Opening social.png in a text editor reveals obfuscated and minified code. While it looks like a mess, it’s simply renamed variables and functions with whitespace removed, and can be undone rather easily with the “Find/Replace All” feature of your favorite text editor.

Obfuscated CryptoPHP


How to Remove CryptoPHP or social.png

In the limited tests that I’ve done, the offending file – social.png – is the only file that is malicious. It seems to be added to the images/ directory in themes downloaded from unofficial sources. Another line in the main theme files (index.php, header.php or footer.php) includes the file.

While nothing in the file itself indicates that personal or sensitive data is being transmitted back to the server, the file allows its controllers to send commands to it. These commands are then executed by the eval and exec commands in PHP. It is theoretically possible for content, account information, etc. to be transmitted back to the controlling server.

Since the WordPress instance I was using was running on localhost, it would have been unreachable by the controlling servers. It could still phone home and download commands, but could not be controlled directly.  However, due to the possibility of sensitive data being stolen, and the evidence of storing information in the database, I’d recommend a complete re-install of WordPress and changing your admin password(s).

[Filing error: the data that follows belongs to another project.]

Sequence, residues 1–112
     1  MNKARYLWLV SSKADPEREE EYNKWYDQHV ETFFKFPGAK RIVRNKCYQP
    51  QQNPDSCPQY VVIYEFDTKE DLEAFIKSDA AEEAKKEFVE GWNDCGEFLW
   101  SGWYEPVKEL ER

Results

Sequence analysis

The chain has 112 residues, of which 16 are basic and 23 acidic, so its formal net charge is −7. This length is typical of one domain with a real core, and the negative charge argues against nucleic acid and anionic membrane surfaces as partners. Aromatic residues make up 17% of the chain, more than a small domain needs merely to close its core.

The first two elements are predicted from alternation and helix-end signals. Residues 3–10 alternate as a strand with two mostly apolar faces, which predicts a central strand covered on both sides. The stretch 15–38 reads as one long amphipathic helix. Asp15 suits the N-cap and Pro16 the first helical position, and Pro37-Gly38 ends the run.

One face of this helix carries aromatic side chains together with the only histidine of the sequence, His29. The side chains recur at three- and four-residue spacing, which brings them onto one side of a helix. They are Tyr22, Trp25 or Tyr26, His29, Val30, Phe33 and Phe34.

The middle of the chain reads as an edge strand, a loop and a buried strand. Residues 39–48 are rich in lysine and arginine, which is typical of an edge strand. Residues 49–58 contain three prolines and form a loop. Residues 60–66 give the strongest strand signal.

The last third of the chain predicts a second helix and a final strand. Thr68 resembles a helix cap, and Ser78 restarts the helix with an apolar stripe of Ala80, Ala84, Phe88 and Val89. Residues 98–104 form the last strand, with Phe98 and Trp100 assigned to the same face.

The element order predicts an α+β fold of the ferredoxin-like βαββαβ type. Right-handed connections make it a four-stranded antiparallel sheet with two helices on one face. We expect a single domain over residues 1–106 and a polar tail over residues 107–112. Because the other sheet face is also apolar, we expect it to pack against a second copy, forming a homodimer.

Coming Soon

  • Encryption methods (including a script to decrypt database contents)
  • Detailed/technical review
CryptoPHP – A WordPress backdoor in social.png

Extract one table from a mysqldump file

I recently had to restore a MySQL table from a nightly database backup. Given the size of the dumpfile and the fact that only one table needed modified, I ended up using sed to extract the table:

sed -n '/CREATE TABLE.*table/,/UNLOCK TABLES/p' full_database_backup.sql > table.sql

The -n flag is an alias for –quiet, which suppresses output other than what sed is told to print.  The p at the end of the expression tells sed to print the matches to the screen.
I’ve created a bash script to handle this, and placed it in /bin/dbextract. It’s intended to be used the same way  as the actual command, in that output is directed to stdout. (You’ll want to redirect it with “> outfile”)

Extract one table from a mysqldump file

MySQL datadir on different partition

This writeup will walk you through installing MySQL with the data directory on a separate partition. Although a new install is pretty straightforward, we ran into some quirks when trying to move the data directory on an existing installation. For this tutorial, I’ll be using an otherwise-fresh Ubuntu 14.04 install with MySQL already installed.

The default MySQL data directory (where the database files are stored) is in /var/lib/mysql. I’ll be moving this to a disk mounted at /mnt/SAN for the purpose of freeing up disk space on the VM. (I’m not going to discuss the benefits and drawbacks of doing so, as that’s beyond the scope of this article. I assume that if you’re here, you’ve already determined a need to mount the data directory on another filesystem.)

There are a couple of steps involved in this:

  1. Create the new directory
  2. Stopping the MySQL service
  3. Copying the files to the new location
  4. Editing /etc/mysql/my.cnf
  5. Editing the AppArmor profile
  6. Reloading the AppArmor profile and restarting MySQL